Impacts of UVB provision on serum vitamin D3, pigmentation, growth rates and total body mineral content in Mallorcan midwife toad larvae (Alytes muletensis)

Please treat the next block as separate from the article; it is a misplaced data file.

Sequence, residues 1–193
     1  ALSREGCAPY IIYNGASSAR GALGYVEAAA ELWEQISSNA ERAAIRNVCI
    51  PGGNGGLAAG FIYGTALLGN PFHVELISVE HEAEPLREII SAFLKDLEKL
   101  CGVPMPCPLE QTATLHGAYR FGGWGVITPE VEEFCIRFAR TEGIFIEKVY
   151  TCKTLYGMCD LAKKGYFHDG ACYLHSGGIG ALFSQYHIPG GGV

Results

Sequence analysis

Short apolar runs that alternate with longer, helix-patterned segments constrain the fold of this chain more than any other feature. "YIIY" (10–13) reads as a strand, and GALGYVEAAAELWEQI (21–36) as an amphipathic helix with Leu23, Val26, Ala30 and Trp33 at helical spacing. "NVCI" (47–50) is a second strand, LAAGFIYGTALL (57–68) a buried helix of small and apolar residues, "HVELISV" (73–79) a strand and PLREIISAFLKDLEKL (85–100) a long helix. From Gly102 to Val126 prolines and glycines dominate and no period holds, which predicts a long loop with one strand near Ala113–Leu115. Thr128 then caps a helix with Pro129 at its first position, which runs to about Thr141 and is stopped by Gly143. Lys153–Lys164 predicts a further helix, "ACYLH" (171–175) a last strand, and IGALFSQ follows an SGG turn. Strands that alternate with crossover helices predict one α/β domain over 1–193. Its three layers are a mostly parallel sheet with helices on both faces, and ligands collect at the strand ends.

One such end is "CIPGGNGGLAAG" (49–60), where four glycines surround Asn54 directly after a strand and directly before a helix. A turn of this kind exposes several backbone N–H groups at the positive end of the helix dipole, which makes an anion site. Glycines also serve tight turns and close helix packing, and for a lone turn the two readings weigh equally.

The health of amphibians in captive breeding programmes can be compromised by nutritional metabolic bone disease and secondary hyperparathyroidism, which is a result of poor calcium metabolism or an inverse calcium:phosphorus ratio in the blood. UVB provision allows for cutaneous photobiosynthesis of vitamin D3, which is needed for adequate absorption of calcium from the diet, and so many post-metamorphic anurans are routinely provided with UVB radiation in captivity; however, tadpoles are not. This is the first study of its kind to investigate the effect of UVB radiation provision for anuran larvae from a captive husbandry perspective. This study examines the effects of ecologically appropriate levels of UVB exposure on growth rates, pigmentation acquisition, serum vitamin levels in the blood plasma, and whole-body mineral content in the Mallorcan midwife toad (Alytes muletensis). There were no significant effects of UVB exposure on any parameters measured. This may be because UVB radiation is simply not required by the larvae of this species, or because the provision of UVB radiation alone is not sufficient for its use in calcium metabolism. Further research is needed to elucidate how tadpoles interact with UVB radiation in nature and to examine how UVB radiation is provided in captivity and test for effects using a wider variety of species from a range of different habitats.
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